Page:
Hughes, J. H. (1969) Disciples of John the Baptist: an examination of the evidence for their existence, and an estimate of their significance for the study of the fourth gospel. Masters thesis, Durham University.
This study begins by examining the evidence for the claim that alongside the early Christian communities there existed a movement committed completely to the view that John the Baptist was the Messiah. References to John, and to his disciples, in various non-canonical works fail to substantiate absolutely this claim, but they do indicate that extreme views about John were circulating long after his death. On the basis of the New Testament evidence it seems clear that John created at least the nucleus of a Johannite sect, that he saw himself as the precursor of Yahweh and failed to appreciate the significance of Jesus, and that after his death some of his followers held for a time the belief that he had been the eschatological Prophet or Messiah. Eventually, and probably well before the end of the first century, the great majority of Johannites entered the Christian Church and re-interpreted John's role in the light of their new commitment. They came to recognize that John was Indeed the forerunner of Jesus and the herald of the Kingdom of God. This recognition was entirely in accordance with the way Jesus himself had sought to explain John's mission and to link it with his own. The Fourth Gospel's account of John's ministry reflects indirectly his failure, and the temporary failure of many of his followers, to recognize the importance of Jesus. It seems that the Jewish opposition to the Church attempted to make its own malicious use of the traditions of this early period of Johannite history; and it was the need to combat this phenomenon, and not any Johannites who had remained independent of the Church and perhaps also adopted gnostic views, that explains the obvious polemic in the Fourth Gospel against exaggerated views of John's status.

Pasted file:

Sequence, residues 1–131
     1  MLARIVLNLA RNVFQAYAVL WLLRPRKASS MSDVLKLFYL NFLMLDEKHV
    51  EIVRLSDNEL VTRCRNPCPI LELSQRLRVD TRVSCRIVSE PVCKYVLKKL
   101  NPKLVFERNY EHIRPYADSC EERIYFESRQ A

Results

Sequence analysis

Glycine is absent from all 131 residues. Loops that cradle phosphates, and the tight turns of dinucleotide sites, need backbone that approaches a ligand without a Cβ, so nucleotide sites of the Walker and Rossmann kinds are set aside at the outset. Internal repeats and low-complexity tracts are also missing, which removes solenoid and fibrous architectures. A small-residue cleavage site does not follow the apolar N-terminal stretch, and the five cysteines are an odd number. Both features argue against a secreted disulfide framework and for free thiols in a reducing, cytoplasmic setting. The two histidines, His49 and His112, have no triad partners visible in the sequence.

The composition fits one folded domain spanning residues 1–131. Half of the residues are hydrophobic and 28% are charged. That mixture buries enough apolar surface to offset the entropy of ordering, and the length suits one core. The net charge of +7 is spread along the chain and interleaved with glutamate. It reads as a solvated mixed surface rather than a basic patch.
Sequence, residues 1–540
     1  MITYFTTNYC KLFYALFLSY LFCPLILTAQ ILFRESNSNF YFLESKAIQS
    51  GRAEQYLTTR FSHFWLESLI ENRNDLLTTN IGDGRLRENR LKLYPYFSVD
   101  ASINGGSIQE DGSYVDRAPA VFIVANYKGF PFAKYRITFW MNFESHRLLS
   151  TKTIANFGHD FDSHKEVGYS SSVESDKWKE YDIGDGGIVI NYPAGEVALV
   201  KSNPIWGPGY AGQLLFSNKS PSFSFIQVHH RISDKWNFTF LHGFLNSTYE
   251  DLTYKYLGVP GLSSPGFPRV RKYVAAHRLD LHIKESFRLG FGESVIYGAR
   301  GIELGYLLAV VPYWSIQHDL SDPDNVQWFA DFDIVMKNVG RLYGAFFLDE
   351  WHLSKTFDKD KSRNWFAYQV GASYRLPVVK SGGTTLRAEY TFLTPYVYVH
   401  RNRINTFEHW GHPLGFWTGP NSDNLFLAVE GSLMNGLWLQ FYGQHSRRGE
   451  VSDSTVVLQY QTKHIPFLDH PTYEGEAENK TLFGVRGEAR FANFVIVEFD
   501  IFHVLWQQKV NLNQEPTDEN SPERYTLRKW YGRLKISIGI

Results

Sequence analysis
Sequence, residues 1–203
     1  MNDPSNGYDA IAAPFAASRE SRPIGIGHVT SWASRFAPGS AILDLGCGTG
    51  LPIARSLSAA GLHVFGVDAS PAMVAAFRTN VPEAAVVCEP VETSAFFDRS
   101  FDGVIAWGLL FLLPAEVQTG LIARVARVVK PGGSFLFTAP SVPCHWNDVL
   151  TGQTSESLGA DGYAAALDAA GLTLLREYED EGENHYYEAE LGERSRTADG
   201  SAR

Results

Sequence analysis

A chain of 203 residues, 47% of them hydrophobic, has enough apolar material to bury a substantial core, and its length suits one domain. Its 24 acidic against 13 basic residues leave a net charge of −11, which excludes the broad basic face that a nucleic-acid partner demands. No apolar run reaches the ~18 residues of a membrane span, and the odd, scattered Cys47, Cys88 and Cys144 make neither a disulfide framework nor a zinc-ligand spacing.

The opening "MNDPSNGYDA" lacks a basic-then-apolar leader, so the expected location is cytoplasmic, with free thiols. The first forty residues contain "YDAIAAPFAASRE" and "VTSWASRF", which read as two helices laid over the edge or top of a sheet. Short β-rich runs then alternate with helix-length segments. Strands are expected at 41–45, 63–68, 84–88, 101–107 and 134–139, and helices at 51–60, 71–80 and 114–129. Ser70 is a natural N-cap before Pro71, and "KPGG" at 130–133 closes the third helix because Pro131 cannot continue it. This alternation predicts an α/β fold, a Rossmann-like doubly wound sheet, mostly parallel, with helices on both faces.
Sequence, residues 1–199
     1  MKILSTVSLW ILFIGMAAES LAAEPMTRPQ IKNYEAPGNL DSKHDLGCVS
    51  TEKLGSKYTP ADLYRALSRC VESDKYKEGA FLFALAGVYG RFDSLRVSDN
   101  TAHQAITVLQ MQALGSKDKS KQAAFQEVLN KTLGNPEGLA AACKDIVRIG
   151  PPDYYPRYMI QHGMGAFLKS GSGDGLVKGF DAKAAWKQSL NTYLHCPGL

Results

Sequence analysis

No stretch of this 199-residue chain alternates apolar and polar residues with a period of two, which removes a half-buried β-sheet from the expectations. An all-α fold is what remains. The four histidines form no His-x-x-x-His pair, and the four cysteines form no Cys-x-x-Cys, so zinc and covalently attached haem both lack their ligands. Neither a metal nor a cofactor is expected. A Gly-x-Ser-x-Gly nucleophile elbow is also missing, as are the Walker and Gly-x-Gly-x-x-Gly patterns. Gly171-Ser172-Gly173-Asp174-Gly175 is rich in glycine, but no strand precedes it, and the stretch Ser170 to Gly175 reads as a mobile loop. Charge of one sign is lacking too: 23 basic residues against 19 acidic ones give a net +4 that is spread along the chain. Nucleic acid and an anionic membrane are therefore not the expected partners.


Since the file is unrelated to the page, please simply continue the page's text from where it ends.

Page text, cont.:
|Item Type:||Thesis (Masters)|
|Award:||Master of Arts|
|Copyright:||Copyright of this thesis is held by the author|
|Deposited On:||14 Mar 2014 16:25|